I have a few questions. I'm not going to argue for anything in this post. I just want to get a sense of what people think about a philosophical issue that's been bugging me a lot lately. I'm trying to think through the relationship between rights and obligations. In particular, do the two go hand in hand, or are there times when you have one but not the other? Some philosophers take them to be two sides of the same coin. If I have a right, that means people have an obligation toward me (e.g. if I have a right not to be killed, then you have an obligation not to kill me). If I have an obligation, then you have a corresponding right (e.g. if I have an obligation to keep a promise to you, then you have a right to my keeping that promise).

Does this sound right? Or are there cases when someone might have an obligation to someone without that person having rights to what is owed? I've come across two examples in philosophical literature recently. One was a claim by Judith Jarvis Thomson that when a brother is given a box of chocolates he has a moral obligation to share them with his brother, but his brother has no right to any of the chocolates, since they were given to his brother and not to him. The second was in an animal rights discussion by Carl Cohen. He thinks we have obligations to animals, but they're not the sort of creatures who have rights. Another example (this time mine) might be owing someone respect in a way that they have no right to expect it. Can I have such an obligation to do something the person has no right to expect? In general, can I have an obligation to someone who has no right to the thing I owe them?

Todd Zywicki points to a study that concludes that mandatory waiting periods for abortion reduce suicide rates after unplanned pregnancies. I haven't looked at the study itself, but some of the comments on Todd's post seem to me to be unjustifiably critical. In particular, they claim that a libertarian view of the purpose of law wouldn't allow the kind of paternalism that such laws are based on. I think this is completely wrong.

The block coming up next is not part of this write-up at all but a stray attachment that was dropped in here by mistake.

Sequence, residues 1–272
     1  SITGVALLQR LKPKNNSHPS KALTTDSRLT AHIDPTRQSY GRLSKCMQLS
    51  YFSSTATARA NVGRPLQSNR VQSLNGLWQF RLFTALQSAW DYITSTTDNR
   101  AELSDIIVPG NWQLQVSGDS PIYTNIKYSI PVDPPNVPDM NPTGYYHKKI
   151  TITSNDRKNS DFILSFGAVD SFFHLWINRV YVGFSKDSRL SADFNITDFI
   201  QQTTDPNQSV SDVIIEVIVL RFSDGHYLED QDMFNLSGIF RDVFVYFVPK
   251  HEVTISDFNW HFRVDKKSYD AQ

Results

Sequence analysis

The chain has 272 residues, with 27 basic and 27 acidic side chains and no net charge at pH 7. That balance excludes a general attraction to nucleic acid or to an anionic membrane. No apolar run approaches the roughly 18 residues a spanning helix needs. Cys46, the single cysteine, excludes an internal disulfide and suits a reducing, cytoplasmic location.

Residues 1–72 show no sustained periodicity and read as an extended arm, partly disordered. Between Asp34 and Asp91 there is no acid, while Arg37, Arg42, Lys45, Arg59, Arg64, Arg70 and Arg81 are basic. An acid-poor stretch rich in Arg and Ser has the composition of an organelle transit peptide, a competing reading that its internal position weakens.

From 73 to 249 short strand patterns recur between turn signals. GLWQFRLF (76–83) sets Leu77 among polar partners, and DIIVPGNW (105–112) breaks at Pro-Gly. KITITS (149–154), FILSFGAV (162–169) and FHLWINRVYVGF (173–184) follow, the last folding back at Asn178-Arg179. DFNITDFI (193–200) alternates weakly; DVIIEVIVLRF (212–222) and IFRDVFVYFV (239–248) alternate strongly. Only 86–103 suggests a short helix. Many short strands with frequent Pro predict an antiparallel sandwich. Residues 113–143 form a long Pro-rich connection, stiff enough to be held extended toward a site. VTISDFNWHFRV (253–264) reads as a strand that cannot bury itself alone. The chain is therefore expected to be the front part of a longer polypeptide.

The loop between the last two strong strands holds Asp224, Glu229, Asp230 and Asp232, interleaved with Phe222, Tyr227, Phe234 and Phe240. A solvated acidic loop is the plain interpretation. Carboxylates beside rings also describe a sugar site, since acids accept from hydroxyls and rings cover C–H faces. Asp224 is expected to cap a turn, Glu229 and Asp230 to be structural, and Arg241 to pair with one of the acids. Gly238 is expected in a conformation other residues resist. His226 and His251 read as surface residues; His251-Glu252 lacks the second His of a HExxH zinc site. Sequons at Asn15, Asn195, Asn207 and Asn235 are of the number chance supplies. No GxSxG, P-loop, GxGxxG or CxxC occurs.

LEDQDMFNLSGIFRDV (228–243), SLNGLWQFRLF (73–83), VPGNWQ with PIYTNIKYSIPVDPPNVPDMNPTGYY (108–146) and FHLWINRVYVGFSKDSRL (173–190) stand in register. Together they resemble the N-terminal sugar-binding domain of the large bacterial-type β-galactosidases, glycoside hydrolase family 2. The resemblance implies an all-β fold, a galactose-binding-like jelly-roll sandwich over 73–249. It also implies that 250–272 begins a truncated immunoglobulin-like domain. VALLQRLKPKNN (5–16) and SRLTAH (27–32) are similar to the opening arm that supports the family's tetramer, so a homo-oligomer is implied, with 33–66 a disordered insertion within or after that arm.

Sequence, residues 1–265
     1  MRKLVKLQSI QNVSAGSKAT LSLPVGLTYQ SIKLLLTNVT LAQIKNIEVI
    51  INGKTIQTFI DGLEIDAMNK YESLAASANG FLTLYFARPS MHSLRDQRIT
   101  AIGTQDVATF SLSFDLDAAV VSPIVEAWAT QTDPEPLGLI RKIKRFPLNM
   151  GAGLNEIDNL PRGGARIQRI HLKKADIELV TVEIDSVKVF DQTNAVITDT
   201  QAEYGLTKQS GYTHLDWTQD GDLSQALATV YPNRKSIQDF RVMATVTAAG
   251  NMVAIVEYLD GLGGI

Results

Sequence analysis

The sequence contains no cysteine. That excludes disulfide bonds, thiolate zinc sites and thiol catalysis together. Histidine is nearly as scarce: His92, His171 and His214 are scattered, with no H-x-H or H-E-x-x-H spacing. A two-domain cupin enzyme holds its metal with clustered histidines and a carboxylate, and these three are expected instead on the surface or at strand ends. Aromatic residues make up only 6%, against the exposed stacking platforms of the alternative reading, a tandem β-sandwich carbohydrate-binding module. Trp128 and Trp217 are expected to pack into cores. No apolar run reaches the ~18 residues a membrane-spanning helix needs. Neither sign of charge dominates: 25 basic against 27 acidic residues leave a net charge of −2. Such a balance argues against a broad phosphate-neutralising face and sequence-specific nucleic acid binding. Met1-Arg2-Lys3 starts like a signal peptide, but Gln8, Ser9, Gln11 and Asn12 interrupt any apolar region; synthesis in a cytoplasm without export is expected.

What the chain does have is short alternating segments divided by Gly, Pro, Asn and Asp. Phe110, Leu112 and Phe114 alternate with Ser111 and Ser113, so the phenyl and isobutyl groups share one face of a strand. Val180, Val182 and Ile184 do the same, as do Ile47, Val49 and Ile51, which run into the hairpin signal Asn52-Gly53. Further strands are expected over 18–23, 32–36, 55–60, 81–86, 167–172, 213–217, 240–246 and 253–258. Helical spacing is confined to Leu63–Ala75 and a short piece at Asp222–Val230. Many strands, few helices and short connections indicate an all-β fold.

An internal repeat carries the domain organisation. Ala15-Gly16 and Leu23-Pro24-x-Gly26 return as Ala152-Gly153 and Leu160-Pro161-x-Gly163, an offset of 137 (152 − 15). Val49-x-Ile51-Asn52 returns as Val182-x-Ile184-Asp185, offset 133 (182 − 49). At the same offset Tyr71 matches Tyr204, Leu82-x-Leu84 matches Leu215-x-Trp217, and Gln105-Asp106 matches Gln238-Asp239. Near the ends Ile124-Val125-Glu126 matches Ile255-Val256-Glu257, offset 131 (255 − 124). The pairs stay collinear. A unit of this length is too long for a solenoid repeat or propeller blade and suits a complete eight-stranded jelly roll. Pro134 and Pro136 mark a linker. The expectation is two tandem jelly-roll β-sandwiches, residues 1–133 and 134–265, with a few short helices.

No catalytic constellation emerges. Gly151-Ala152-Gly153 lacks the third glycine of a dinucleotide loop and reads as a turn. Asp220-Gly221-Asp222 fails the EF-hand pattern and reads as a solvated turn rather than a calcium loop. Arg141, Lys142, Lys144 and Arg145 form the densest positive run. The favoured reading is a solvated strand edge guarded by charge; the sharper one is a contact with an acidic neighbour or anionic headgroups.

The libertarian argument fails for a number of reasons (including that libertarianism is wrong), but the most notable is that this isn't paternalism in the ordinary sense. Paternalism is usually thought of as government interference in people's decision-making process when someone has legitimately consented to a practice that the government is rejecting as legitimate consent for no reason other than that they consider such consent irrational. Requiring motorcycle helmets would be such a paternalistic law. We don't, however, consider it paternalistic to restrict a four-year-old from doing things that it takes an adult understanding to consent to. By the same reasoning, we don't consider someone to have consented to sex if under the influence of a mind-altering drug. Waiting period laws are a simple step further in the same direction. Someone who has just found out she is pregnant will not be thinking as rationally as someone forced to wait 24 hours before making an irrevocable decision. For the same reason that euthanasia advocates insist that some time be taken before considering someone to have consented rationally to being killed, those who favor waiting periods for abortion think rational consent requires taking some time before having an abortion. This seems not only eminently reasonable to me but perfectly consistent with a libertarian view of the purpose of law.

Pseudo-Polymath has started a series on one of the most important Christian works of all time, Augustine's City of God. The second post on suicide is also up, and the third one seems to be taking its time. I have a few thoughts on the second post. Most of what he says is exactly right, and it's worth reading on your own. There's a lot there that would take too long to try to encapsulate briefly.

There are some interesting things in Augustine's discussion of suicide that Mark didn't get into. The first one isn't central to Augustine's argument and probably would be politically incorrect to say now, but I find it fascinating. In arguing that women who have been raped are not morally responsible for being raped, Augustine is way ahead of his time. Greek and Roman culture considered such a thing shameful, not to the rapist but to the victim. Augustine says that such a view is nonsense. Christian women realized this, and when Rome was sacked the Christian women responded very differently than others did to being raped. They didn't see themselves as having been shamed. This is part of Augustine's overall apologetic for Christianity over paganism, that Christianity has a view on this issue that is thoroughly at odds with the pagan view, and the Christian one easily comes out on top.